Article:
I’ve had a number of requests for detailed case studies of how we go about building thought leadership for CEOs and executives. This week I’m excited to share a detailed behind the scenes example of a thought leadership campaign launch for Russell Yardley.
As I’m writing this, the article has achieved two and a half thousand views, 80 detailed comments, and a large number of shares and likes. That’s a pretty significant achievement for an article on LinkedIn – moreover in this case because it’s almost exclusively targeted at CEOs, CTO/CIOs and board directors.
If you’d like to see the finished product, you can see the article as published on LinkedIn at http://www.linkedin.com/pulse/why-technologists-dont-belong-boardroom-russell-yardley-faicd
This article takes you behind the scenes of the planning and launch. In the 2000 words and 13 illustrations / screengrabs / graphics that follow I’ve got Russell’s permission to share:
- The strategy behind the campaign
- How we move through planning, interview and article construction
- How we structure distribution to ensure a successful launch
- The delivered campaign, and results
For some context, the campaign for Russell is a supported CEO blogging campaign, leveraging our video supported interview process. With this process, we shoot a one hour interview upfront, use this to build out five video supported blog articles.
For background: Why this campaign is LinkedIn focused
Because Russell already has a deep LinkedIn network, and is looking to build support for increasing the capability and competence of boards to make better technology decisions and to provide improved governance of those decisions, this strategy focuses on LinkedIn publisher as the distribution platform.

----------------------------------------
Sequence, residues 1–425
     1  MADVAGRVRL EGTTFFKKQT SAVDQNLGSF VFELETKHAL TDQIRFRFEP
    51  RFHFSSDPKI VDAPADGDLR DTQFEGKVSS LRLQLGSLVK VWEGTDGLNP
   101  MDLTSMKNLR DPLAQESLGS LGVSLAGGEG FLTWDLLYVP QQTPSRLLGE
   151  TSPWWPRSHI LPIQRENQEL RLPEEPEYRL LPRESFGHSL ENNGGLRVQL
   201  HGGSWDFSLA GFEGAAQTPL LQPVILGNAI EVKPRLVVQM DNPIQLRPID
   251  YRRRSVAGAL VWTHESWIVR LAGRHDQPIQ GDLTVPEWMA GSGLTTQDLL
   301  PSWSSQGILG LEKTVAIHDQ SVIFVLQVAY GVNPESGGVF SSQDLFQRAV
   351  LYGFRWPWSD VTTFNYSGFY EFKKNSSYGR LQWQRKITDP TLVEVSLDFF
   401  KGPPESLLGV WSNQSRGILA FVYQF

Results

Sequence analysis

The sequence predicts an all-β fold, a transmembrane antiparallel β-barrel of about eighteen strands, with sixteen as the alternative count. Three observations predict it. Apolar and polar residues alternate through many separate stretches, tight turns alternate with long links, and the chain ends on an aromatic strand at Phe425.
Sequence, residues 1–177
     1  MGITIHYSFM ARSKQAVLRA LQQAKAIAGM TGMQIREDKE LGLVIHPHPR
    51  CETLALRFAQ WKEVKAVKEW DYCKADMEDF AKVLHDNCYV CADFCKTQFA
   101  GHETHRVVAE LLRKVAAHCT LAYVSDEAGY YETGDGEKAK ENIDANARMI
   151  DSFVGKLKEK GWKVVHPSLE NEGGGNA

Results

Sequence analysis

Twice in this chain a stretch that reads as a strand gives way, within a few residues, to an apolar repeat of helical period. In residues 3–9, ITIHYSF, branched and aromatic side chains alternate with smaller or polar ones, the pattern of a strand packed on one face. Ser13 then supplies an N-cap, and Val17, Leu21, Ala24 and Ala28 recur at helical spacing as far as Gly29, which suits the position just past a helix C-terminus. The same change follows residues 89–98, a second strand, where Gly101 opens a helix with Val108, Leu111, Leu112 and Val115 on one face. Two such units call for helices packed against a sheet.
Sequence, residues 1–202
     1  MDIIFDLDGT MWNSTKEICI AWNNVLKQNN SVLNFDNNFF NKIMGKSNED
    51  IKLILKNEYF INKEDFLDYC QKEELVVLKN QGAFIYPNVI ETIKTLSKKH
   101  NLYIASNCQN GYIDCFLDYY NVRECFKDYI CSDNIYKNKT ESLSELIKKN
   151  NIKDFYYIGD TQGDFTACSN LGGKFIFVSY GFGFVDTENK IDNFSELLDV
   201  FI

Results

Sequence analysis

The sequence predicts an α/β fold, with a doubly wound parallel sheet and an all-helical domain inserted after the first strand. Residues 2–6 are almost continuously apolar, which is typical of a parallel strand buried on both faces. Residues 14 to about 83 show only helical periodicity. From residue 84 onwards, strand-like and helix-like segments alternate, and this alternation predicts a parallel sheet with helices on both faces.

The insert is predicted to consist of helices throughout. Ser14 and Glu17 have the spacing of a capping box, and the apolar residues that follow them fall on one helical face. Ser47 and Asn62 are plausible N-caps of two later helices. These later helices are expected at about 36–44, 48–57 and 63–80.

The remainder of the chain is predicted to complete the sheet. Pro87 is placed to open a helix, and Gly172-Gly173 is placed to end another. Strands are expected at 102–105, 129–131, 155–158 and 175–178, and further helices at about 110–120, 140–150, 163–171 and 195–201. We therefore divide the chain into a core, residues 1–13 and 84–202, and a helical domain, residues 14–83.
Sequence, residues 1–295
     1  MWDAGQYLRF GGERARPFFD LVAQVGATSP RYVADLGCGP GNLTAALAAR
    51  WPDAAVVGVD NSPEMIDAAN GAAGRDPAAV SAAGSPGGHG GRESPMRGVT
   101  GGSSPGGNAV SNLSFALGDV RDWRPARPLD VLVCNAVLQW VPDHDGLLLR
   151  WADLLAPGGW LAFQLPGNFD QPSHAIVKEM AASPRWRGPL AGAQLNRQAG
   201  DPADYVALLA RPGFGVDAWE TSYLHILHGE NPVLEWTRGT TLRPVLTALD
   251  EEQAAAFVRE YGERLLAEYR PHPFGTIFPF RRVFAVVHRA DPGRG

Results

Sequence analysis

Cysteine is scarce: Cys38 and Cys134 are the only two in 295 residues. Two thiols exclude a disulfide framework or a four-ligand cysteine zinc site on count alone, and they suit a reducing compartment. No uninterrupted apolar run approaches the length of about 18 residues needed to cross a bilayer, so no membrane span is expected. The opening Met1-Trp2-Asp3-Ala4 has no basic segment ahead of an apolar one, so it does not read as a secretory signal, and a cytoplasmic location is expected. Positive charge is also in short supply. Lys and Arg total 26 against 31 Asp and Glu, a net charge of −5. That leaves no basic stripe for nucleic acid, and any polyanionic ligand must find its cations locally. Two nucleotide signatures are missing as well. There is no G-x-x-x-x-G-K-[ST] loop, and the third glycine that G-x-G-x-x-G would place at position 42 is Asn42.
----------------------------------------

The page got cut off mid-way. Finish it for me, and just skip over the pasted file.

LinkedIn for distribution is not a strategy that’s right for everyone – it has strengths and also a number of weaknesses. For most CEOs, it’s probably a better idea to use your on site blog as the primary distribution platform. However this is impacted by a number of factors – how many followers you have, existing website traffic and overall aims need to be considered when you’re thinking about the right platform for content distribution.
Step 1: The strategy behind the campaign
1A: Getting started with the expert positioning framework
The Expert Positioning Framework below is one of our key foundational documents in planning any thought leadership series. As we work through this document we’re looking to understand what makes Russell’s expertise unique, and what he wants to be remembered for by the market.
This framework is exceptionally important in delivering results – if the expert positioning isn’t right, then it really doesn’t matter what content gets produced.
1B: The stages in our influencer content planning process
The graphic below shows how we flow through the process, connecting the positioning from core themes, to topics, articles and interview questions. You’ll see how each separate element is delivered in the following graphics.
1C: How we positioned Russell’s expertise
This framework shows exactly how we want Russell to be remembered by the market. All content produced for Russell then connects to this core theme (although it may approach it from a number of angles). The red arrows show the topics that were used in the launch article for Russell.
Stage 2. Interview planning and article construction
2A: Building an interview roadmap
From the positioning framework, we develop a one hour interview roadmap (you can see this below).
For this article, the relevant questions we discussed are in red. We’ve blurred out the future weeks articles (you’ll have to watch on LinkedIn).
2B: Generating the content – The interview
The interview as a key foundation of the content development process. Shown below is a couple of minute excerpt pulled out of the longer 1 hour interview.
Once the article is finished, this excerpt then sits as supporting multimedia within the article:
2C: Transcription – From voice to copy
From the interview, the full one hour video is then transcribed. This gives our journalists everything they need to work with. From here they get started turning this interview into the structured, persuasive articles that you see as distributed.
2D: The final article (for Russell’s approval)